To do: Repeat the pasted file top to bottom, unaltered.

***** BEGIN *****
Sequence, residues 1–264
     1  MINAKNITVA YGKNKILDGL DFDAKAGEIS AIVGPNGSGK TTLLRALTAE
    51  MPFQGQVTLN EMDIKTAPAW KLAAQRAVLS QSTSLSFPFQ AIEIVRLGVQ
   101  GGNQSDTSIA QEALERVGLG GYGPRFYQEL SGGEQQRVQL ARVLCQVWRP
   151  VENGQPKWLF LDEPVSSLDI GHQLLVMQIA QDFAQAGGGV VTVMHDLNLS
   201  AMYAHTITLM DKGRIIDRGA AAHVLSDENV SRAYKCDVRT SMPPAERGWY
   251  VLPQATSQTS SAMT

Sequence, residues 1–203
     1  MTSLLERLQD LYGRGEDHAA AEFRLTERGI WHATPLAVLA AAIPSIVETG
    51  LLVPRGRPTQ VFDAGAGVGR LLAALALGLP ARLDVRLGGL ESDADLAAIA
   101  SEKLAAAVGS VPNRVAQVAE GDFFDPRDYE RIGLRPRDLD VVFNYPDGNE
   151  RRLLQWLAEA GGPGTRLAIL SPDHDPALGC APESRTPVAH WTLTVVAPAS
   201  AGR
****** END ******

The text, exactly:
Sequence, residues 1–264
     1  MINAKNITVA YGKNKILDGL DFDAKAGEIS AIVGPNGSGK TTLLRALTAE
    51  MPFQGQVTLN EMDIKTAPAW KLAAQRAVLS QSTSLSFPFQ AIEIVRLGVQ
   101  GGNQSDTSIA QEALERVGLG GYGPRFYQEL SGGEQQRVQL ARVLCQVWRP
   151  VENGQPKWLF LDEPVSSLDI GHQLLVMQIA QDFAQAGGGV VTVMHDLNLS
   201  AMYAHTITLM DKGRIIDRGA AAHVLSDENV SRAYKCDVRT SMPPAERGWY
   251  VLPQATSQTS SAMT

Sequence, residues 1–203
     1  MTSLLERLQD LYGRGEDHAA AEFRLTERGI WHATPLAVLA AAIPSIVETG
    51  LLVPRGRPTQ VFDAGAGVGR LLAALALGLP ARLDVRLGGL ESDADLAAIA
   101  SEKLAAAVGS VPNRVAQVAE GDFFDPRDYE RIGLRPRDLD VVFNYPDGNE
   151  RRLLQWLAEA GGPGTRLAIL SPDHDPALGC APESRTPVAH WTLTVVAPAS
   201  AGR